U.S. Senators Ben Cardin and Barbara A. Mikulski along with Congressman Chris Van Hollen and Congresswoman Donna F. Edwards (all D-Md.) today were joined by U. S. Department of Transportation Deputy Secretary John Porcari, Federal Transit Administration Administrator Peter M. Rogoff, National Transportation Safety Board Chairman Deborah Hersman and Metro Board Member Alvin Nichols to announce the first-ever federal safety standards for rail transit systems nationwide, including Metro. The establishment of these safety standards was included in the Moving Ahead for Progress in the 21st Century (MAP-21), bipartisan legislation which was signed into law by President Obama earlier this month.
The Maryland Delegation also called for the continued support of dedicated federal funding for Metro safety established in 2008 which authorized $1.5 billion in federal funds over 10 years to help improve Metro's aging infrastructure and provide Metro's first dedicated, federal funding source. The fourth installment of $150 million in dedicated funding is included in the FY2013 Senate appropriations spending bill.
"Every incident on Metro is a reminder that passenger safety has to come first. Establishing federal transit safety standards was a priority for our regional delegation and they will help ensure the safety and reliability of our aging public transportation systems." said Senator Cardin. "It is now up to Metro to deliver on safe, reliable public transportation for the millions of people who visit Washington every year, and the hundreds of thousands of daily commuters in the region who travel to jobs in around the Greater Washington area."
"Reforming Metro means putting safety and reliability first," Senator Mikulski said. "These first-ever federal safety standards will ensure we can bring the full force of our national transit expertise to help promote a culture of safety on our nation's rail transit systems. By working to prevent safety issues and fix the problems that exist, we can make sure they never happen again. My promises made are promises kept. I will not rest until Metro is safe for those who work on it and those who ride on it."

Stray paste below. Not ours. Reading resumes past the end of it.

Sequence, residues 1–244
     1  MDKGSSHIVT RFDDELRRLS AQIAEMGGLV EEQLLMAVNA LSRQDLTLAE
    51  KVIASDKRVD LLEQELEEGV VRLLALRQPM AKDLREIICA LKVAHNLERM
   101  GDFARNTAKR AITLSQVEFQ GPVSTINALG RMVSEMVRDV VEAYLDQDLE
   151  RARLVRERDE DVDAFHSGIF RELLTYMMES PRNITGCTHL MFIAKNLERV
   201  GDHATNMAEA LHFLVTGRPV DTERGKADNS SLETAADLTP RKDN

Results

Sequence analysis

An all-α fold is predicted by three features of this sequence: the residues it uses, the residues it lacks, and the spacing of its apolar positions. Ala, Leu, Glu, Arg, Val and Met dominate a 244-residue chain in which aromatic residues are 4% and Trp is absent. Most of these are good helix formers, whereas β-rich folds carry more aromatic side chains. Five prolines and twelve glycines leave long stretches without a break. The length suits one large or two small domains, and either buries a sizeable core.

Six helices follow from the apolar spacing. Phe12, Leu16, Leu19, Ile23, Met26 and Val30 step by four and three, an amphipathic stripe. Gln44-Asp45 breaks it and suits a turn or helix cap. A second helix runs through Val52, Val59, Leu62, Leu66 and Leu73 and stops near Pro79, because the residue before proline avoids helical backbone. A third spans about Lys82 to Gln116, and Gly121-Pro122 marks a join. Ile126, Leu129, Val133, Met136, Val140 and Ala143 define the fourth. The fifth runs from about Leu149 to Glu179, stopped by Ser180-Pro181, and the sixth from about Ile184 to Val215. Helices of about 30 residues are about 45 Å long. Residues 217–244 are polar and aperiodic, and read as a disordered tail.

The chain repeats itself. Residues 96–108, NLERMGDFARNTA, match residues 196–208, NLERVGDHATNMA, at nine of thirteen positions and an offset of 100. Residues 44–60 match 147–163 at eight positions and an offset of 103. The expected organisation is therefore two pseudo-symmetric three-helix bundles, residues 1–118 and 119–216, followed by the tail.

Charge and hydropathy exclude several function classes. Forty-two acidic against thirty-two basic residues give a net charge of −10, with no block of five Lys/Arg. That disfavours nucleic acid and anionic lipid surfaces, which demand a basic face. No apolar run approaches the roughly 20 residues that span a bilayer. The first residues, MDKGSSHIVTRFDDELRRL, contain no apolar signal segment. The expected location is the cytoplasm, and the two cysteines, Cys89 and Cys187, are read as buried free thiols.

"The safety and reliability of Metro is a top priority, and this new law will provide needed standards, oversight, and accountability," said Congressman Van Hollen. "We can now ensure that transit, like every other mode of transportation, meets a uniform benchmark for safety. Now, the DC regional delegation will continue to work together to secure the federal funding necessary to upgrade the system and make it safer and more dependable for our constituents."
"Metro is the critical component to the metropolitan region's mass transit system," said Congresswoman Donna F. Edwards. "That is why one of my top priorities since coming to office and the tragic metro accident in June 2009 has been to help implement safety standards to our metro system and in regions across the country. Having sponsored the National Metro Safety Act with Sen. Mikulski, I am grateful that the Moving Ahead for Progress in the 21st Century Act signed into law by President Obama requires the establishment for the first time of national safety standards for rail transit. Furthermore, the two shut downs this weekend and recent derailments are poignant reminders of the critical work that remains, and thankfully by working with my House colleagues we were able to defeat an attempt to strip dedicated funding for Metro."
The Maryland Delegation has been outspoken in their advocacy for Metro safety. Senator Mikulski was first to introduce legislation, the National Metro Safety Act of 2009, to establish national safety standards for transit systems, which is similar to the legislation signed into law. It directs the Secretary of Transportation to develop safety standards for all Metro systems and take into consideration recommendations by the National Transportation Safety Board (NTSB).
"With this new law, the foundation has been laid and the train is on the track, but the final destination remains miles away," National Transportation Safety Board Chairman Deborah Hersman said.
"On behalf of the Metro Board of Directors and all Metro employees, I want to thank Senators Mikulski and Cardin for their leadership on the issue of transit system safety, and for their tireless support for the funding necessary to advance our capital rebuilding program," said Metro Board Chair Catherine Hudgins. "Metro is vital to our region's economy, mobility and security, and we bear no higher responsibility than ensuring the safest system possible for our customers."
At Senator Mikulski's request, the NTSB has already identified several areas that could ensure better safety and oversight, including: minimum crashworthiness standards, improved evacuation and rescue features on rail transit cars, requiring data recorders on Metro trains and hour-of-service limits to ensure Metro conductors are getting enough sleep between shifts.